On a Friday edition of CBS Sports' The Flagrant Two podcast, Bill Reiter and Reid Forgrave discuss the ongoing battle in the NBA for LeBron James' services next season (1:39), and why the 76ers may be the dark horse favorite to land the King (3:05). The guys also discuss the Cavs new sleep schedule (15:00), KD's loyalty (15:40) and professor Stephen Curry (19:40).
In this episode: On this edition of the CBS Sports' Flagrant Two Podcast, Bill Reiter and Reid Forgrave discuss LeBron James' performance Monday night in New York (2:00), how legit the Knicks are outside of Kristaps Porzingis (9:20), the beef over LeBron calling himself king of New York (25:40), whether the Celtics are the future of the Eastern Conference (22:30), Joel Embiid playing a career high in minutes (34:03) and why no one seems to be talking about DeMarcus Cousins and Anthony Davis...
In this episode: On this edition of CBS Sports' Flagrant Two podcast, Bill Reiter and Reid Forgrave discuss the Celtics' 12-game win streak and whether or not it's too early to make Brad Stevens the favorite for Coach of the Year (2:20), Lonzo Ball's historic triple-double (14:47), LeBron's shot at Phil Jackson (16:18), the Warriors' dominance (17:32), Rudy Gobert's injury (18:35), OKC possibly getting it together (22:54) and the 2-0 Eric Bledsoe-led Bucks (33:42).
Muck Rack makes it simple to find people, tweets, or articles that mention any name, keyword, company, hashtag etc. We've compiled this guide to help you make the most of your search.
Selecting a term
Start searching tweets, articles from media outlets, articles mentioned in tweets, journalists'
names, titles and bios with some suggested searches:
Companies or Topics (e.g. iPhone, Microsoft)
Phrases (e.g. "cloud computing") — use quotes to keep the terms together
Twitter handles (e.g. @username) — returns those who have mentioned or replied to
Names (e.g. "David Pogue")
Hashtags (e.g. #sxsw, #london2012)
Bio details (e.g. vegan, Olympics, father)
Muck Rack's Advanced Search allows for many boolean operators.
Find results that mention multiple specified terms, use AND or
+. For example, ensure each result contains both Elon Musk and Mark Zuckerberg by
searching Musk AND Zuckerberg or Musk + Zuckerberg.
Use the operators OR or , to broaden your search when you'd like either of
multiple terms to appear in results. (This is the default behavior of our search when no operators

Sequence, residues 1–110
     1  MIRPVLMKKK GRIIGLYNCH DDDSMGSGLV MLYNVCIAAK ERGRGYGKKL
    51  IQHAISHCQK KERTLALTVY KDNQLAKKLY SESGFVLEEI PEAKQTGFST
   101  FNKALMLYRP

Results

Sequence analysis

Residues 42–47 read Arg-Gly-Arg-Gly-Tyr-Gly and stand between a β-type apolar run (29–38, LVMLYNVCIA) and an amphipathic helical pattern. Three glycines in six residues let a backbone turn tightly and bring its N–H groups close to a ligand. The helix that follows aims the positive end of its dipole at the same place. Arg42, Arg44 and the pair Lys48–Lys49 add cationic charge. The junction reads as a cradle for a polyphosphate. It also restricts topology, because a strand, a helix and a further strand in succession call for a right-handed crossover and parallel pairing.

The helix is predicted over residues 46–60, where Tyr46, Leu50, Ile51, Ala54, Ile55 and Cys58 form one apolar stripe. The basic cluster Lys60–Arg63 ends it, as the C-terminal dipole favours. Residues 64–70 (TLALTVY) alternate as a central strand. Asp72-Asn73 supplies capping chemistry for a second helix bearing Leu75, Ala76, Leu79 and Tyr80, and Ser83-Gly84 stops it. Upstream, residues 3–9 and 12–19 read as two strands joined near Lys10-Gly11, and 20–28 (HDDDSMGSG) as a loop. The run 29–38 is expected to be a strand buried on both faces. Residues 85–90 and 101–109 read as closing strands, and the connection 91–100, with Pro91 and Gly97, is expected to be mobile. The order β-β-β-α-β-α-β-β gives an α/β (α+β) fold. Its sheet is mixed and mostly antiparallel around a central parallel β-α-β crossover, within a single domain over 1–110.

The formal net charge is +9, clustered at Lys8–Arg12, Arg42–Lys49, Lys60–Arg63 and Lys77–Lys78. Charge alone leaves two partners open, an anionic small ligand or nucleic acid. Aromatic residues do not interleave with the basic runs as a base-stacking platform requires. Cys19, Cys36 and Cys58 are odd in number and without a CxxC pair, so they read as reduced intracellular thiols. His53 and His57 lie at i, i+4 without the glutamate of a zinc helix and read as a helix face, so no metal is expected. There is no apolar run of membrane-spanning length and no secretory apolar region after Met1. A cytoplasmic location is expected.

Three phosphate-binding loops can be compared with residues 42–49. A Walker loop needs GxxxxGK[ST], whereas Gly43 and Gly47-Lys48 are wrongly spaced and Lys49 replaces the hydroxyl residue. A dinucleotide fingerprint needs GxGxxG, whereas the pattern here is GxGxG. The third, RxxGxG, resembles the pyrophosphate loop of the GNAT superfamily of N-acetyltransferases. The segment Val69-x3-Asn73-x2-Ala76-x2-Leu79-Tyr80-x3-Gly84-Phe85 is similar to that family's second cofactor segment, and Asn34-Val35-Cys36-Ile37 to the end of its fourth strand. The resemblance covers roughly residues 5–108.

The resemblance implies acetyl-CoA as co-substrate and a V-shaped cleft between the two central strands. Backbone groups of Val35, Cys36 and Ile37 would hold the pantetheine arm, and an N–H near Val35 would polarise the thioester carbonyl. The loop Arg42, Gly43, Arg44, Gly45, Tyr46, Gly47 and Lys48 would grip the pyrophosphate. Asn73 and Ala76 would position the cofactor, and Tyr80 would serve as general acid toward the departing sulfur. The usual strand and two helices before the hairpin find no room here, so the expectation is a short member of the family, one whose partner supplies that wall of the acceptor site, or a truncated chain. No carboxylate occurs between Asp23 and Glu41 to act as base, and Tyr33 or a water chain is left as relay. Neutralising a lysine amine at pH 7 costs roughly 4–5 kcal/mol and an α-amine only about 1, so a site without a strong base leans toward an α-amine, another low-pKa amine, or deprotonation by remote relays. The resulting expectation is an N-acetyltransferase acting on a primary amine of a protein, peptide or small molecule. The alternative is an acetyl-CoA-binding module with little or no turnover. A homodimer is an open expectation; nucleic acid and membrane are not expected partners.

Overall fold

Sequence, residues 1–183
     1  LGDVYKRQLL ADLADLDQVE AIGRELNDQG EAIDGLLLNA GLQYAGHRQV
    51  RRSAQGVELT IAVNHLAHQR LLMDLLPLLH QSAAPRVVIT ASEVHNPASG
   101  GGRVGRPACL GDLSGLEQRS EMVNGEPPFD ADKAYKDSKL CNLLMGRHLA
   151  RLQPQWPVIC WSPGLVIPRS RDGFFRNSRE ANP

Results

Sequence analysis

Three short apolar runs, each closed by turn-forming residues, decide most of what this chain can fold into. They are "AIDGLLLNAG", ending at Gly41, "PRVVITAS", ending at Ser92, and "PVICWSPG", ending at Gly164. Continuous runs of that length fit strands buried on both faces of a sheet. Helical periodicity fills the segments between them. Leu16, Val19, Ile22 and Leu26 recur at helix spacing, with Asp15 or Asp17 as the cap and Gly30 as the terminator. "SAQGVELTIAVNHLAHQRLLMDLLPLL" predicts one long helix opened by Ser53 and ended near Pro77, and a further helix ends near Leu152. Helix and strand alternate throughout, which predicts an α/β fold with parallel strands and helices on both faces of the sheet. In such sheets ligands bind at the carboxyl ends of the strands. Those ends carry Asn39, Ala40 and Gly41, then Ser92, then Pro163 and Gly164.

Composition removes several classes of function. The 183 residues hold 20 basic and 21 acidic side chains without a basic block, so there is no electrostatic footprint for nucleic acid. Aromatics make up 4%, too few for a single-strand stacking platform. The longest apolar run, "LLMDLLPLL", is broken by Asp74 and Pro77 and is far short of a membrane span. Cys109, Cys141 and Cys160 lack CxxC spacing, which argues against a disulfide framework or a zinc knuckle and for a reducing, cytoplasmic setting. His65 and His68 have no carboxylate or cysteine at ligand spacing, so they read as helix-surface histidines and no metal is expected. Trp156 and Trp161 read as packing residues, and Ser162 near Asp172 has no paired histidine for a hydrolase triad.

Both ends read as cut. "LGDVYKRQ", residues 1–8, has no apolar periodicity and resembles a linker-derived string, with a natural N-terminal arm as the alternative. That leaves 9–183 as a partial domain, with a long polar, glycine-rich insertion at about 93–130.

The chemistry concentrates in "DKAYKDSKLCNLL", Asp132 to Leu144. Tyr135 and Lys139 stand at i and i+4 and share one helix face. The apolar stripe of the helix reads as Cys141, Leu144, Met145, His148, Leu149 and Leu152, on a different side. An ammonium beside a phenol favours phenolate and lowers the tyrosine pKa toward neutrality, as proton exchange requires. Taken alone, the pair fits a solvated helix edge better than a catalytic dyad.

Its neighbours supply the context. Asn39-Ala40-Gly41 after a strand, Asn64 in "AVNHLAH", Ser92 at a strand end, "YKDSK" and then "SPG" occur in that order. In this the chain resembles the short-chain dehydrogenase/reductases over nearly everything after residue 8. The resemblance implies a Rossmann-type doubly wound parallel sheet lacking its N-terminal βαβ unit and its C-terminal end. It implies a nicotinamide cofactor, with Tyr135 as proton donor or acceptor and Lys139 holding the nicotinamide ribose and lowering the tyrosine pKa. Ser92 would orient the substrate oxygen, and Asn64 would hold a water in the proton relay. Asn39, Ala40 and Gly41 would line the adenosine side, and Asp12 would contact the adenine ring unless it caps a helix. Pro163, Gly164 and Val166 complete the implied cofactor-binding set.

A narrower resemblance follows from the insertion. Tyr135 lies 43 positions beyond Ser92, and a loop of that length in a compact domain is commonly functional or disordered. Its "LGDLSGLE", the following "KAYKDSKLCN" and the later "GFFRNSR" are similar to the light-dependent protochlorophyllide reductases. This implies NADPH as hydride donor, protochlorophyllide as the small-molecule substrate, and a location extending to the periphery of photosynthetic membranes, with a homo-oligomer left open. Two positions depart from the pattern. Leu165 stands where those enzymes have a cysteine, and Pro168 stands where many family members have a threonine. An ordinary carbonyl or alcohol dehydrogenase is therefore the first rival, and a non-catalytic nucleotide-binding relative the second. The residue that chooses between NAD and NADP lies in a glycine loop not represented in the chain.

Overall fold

are used). For example, results will contain either cake or cookie by searching cake OR cookie or cake,cookie
Use NOT or - to subtract results from your search. For
example, searching Disney will yield results about the Walt Disney Company as well as Walt Disney
World Resort. To exclude mentions of Disney World, search for Disney -World or Disney
When using one of these operators with a phrase, enclose it in quotation marks. For example, you can
find results about smartphones excluding Apple's iPhone 4S by searching smartphone -"iPhone
Exact case matching or punctuation
If you're searching for a brand name or keyword that relies on specific punctuation marks or capitalization, you can
find results that match your exact query by adding matchcase: before the keyword you're searching for, like matchcase:E*TRADE .
Use parentheses to separate multiple
boolean phrases. For example, to find journalists talking about having fun in Disney World or
Disneyland, search for ("disney world" OR disneyland) AND fun.
An asterisk can be used to search for any variation of a root word truncated by the asterisk. For example, searching for admin* will return results for administrator, administration, administer, administered, etc.
A near operator is an AND operator where you can control the distance between the words. You can vary the distance the near operation uses by adding a forward slash and number (between 0-99) such as strawberries NEAR/10 "whipped cream", which means the strawberries must exist within 10 words of "whipped cream".